Aug. 10, 2022.
The following is a round-by-round blueprint of how I plan on drafting in my fantasy football leagues this summer.
Keep in mind that depending on the circumstances, you might not be able to completely follow this strategy once your draft begins. There could be a run on a certain position; an unexpected player could fall; or another owner may take one of the key sleepers early. You have to be able to play a lot of it by ear, but having a strategy going into the draft helps a lot.
Also, most of this assumes a 12-man league with two running backs, two receivers and a flex (ESPN standard). If your league requires you start two quarterbacks or three receivers, you’ll need to adjust accordingly.
Follow me @walterfootball for updates.
Drafting Early: Picks 1-7:
ROUND 1: There are seven running backs I have way above everyone in my Fantasy Football Cheat Sheet – Christian McCaffrey, Jonathan Taylor, Derrick Henry, Dalvin Cook, Joe Mixon, Najee Harris and Austin Ekeler – so select one of them. Don’t overthink things because you’ll be able to land a stud receiver in the second round.
ROUNDS 2-3: Running back is thin this year, as always. However, it’s not as bad as it was last year. Ideally, you’ll walk away with two running backs in the first three rounds, but going RB-WR-WR isn’t a bad strategy if you can land a couple of top wideouts, including Davante Adams, CeeDee Lamb, Justin Jefferson, Mike Evans and Tyreek Hill. Running backs I like are Aaron Jones, Saquon Barkley, Javonte Williams and Leonard Fournette.
I’m often opposed to drafting a quarterback and tight end in the early rounds. However, given Hill’s departure from Kansas City, I think Travis Kelce is in play in the second half of Round 2. Kelce might score a billion touchdowns this year, so that would give you a big edge at tight end if you obtain Kelce.
ROUNDS 4-5: You must have at least two running backs and two receivers after five rounds. Your fifth player could be a third running back, a third receiver, Kelce, or a great value quarterback. I would avoid the quarterbacks this early unless you land a surprise player, like Josh Allen in Round 4 or Patrick Mahomes in the fifth frame. It’s extremely unlikely you’ll land either there, but that’s fine. Taking a quarterback too early is a big mistake because playing matchups at the position is so easy. Also, I have no interest in any tight end thus far besides Kelce unless you can get Mark Andrews in the fifth round.
Running backs I love in the fourth or fifth rounds include Travis Etienne, Elijah Mitchell, Breece Hall and A.J. Dillon. Receivers I’m targeting in this range are Mike Williams, D.J. Moore and Michael Pittman Jr.
ROUNDS 6-7: It would be a huge mistake not to have at least three running backs after Round 7. You should also have three or more receivers. It’s still early for a quarterback unless you receive a mega value like Joe Burrow, Lamar Jackson or Jalen Hurts in the seventh frame. I have no interest in any tight end in this area unless it’s Kyle Pitts or Darren Waller in Round 7. Again, it’s extremely unlikely that you’ll obtain any of those players in that round, but it just goes to show how important it is to obtain running backs and receivers.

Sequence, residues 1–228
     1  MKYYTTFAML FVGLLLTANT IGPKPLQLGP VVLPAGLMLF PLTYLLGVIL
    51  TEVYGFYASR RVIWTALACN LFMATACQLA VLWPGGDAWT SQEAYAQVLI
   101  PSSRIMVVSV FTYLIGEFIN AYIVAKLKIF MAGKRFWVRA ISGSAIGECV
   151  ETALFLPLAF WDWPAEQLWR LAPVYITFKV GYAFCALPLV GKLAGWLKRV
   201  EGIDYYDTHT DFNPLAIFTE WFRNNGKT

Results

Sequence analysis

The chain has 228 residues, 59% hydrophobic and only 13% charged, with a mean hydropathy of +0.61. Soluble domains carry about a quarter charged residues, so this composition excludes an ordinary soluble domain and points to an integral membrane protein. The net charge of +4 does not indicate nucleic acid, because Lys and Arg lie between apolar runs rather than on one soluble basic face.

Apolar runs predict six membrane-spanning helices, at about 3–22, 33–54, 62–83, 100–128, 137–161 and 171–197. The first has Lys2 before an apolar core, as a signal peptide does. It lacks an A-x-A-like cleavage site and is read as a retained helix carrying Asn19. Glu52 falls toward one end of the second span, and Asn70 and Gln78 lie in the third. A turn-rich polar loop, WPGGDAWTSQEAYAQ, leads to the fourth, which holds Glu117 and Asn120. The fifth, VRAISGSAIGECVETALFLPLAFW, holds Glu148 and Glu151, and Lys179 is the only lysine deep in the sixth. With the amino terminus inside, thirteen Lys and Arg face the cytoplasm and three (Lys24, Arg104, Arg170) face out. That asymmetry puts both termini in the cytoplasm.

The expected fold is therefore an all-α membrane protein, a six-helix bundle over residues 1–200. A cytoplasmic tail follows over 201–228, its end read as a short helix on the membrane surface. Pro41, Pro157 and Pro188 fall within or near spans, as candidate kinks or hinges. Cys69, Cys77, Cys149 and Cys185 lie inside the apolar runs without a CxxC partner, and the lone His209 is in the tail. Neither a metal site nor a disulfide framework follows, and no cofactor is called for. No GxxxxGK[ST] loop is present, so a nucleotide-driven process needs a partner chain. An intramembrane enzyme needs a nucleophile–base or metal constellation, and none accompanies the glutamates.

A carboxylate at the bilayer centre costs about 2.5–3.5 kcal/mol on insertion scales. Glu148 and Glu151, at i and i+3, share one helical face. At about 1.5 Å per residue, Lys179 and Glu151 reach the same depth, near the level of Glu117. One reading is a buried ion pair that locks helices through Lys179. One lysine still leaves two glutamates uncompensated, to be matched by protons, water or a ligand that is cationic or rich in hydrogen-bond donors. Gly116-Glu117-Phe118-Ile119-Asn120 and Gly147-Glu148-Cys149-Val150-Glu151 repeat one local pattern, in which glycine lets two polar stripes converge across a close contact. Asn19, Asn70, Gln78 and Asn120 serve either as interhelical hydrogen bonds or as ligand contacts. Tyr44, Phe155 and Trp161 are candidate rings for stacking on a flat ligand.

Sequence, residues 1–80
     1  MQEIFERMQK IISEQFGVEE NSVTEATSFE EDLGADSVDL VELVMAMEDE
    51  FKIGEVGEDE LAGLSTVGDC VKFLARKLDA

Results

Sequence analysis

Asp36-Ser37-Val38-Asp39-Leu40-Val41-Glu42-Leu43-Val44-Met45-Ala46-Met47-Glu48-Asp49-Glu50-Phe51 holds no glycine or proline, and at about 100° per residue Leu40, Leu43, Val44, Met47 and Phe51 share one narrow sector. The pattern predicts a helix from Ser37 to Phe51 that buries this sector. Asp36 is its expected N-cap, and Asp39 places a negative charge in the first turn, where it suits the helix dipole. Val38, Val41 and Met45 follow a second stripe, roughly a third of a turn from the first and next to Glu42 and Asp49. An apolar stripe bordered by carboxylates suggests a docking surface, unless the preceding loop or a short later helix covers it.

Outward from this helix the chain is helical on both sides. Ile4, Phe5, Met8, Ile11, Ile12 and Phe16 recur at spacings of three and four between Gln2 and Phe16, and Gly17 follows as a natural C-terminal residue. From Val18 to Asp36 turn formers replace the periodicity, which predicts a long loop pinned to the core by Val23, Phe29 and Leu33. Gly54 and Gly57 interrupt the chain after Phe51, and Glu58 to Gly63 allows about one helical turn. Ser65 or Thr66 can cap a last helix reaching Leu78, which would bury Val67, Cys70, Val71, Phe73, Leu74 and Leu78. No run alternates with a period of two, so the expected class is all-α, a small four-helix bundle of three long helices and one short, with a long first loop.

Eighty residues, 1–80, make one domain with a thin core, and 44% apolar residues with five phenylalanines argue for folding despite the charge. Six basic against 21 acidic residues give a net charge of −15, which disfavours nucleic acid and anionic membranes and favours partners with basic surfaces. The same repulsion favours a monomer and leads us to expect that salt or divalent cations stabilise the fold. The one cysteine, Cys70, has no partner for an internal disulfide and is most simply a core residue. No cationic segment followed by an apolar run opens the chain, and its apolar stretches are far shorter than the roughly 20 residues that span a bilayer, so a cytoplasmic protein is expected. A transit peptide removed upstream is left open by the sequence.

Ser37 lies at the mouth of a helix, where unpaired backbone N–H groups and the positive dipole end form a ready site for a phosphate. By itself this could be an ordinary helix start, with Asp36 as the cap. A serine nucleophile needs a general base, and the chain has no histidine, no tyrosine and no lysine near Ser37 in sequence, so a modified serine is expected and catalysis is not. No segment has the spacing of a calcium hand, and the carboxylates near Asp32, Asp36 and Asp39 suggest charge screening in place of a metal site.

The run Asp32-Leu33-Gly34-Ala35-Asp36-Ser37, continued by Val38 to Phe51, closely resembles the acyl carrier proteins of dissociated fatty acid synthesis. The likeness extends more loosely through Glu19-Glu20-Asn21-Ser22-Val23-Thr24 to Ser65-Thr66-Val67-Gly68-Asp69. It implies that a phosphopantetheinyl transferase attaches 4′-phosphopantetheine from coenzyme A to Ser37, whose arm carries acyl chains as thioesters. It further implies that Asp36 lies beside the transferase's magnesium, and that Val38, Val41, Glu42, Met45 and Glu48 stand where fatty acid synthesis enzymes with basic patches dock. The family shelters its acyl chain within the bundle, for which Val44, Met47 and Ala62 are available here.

Running backs who make sense here are Tony Pollard, Devin Singletary, and Rhamondre Stevenson. My favorite receivers hare are Allen Robinson, Brandin Cooks, Courtland Sutton, Gabriel Davis, Hunter Renfrow (PPR only), Devonta Smith, Darnell Mooney and Amon-Ra St. Brown.
ROUNDS 8-9: Quarterbacks and non-elite tight ends are now in play, though I’d still try to wait on both positions, particularly the latter. I’d be interested in Russell Wilson, Dak Prescott and Tom Brady as my quarterback, while appealing tight ends include Dallas Goedert, Dalton Schultz and T.J. Hockenson.
Running backs and receivers should remain the priority. My favorite players in this range are Kenneth Walker, Alexander Mattison, Raheem Mostert, James Cook (PPR only), Elijah Moore, Rashod Bateman, Russell Gage and Kadarius Toney.
ROUNDS 10-11: Get your quarterback now because idiots in your league will begin to draft backups for no reason. It won’t do them any good, but their stupid strategy will hurt you if you don’t have a starter yet. Tight ends, meanwhile, now become serious options. After the first few tight ends, all of the players at the position are practically the same. I like playing matchups with tight ends, as there are some NFL teams that cannot defend the position whatsoever.
Otherwise, it’s time to begin plucking players off the 2022 Fantasy Football Sleepers list. Check out that list for players to consider. You need to swing for the fences in the double-digit rounds because your league could be won with a great value selection or two in the final third of the draft.
And lastly, I’m going to put this in caps because I can’t emphasize this enough: DO NOT DRAFT A KICKER OR A DEFENSE YET!!!!!
ROUNDS 12-13: More sleepers. Again, take high-upside players beginning in Round 10-11; doing otherwise would violate what I used to call the Wayne Chrebet Rule. Chrebet, a former Jets receiver, was a very good player in real life, but was only a WR5 (an average year for him would be about 900 yards and six touchdowns.) Yet, people would draft him even though as a possession receiver, he would offer no upside. You can always add someone like him on the waiver wire, so try to hit a home run with your late picks.
Oh, and once again, don’t choose a defense or kicker yet. That’s just lazy.
ROUNDS 14-16: In leagues that require each position to be chosen, Round 14 is my final skill-position player – a super-high-upside long shot. Round 15 is my defense. Round 16 is my kicker.
If you don’t have to draft a kicker, don’t. Select another high-upside player instead and wait until the final days before the regular season. That way, you maximize your chances of landing a great sleeper. You can simply get rid of a player who gets injured.
As far as defenses are concerned, you don’t have to draft one either. Seriously, select as many high-upside players as possible and worry about a defense later. If you need to pick a defense, I love playing matchups. Go to my 2022 Fantasy Football Defense Rankings for details.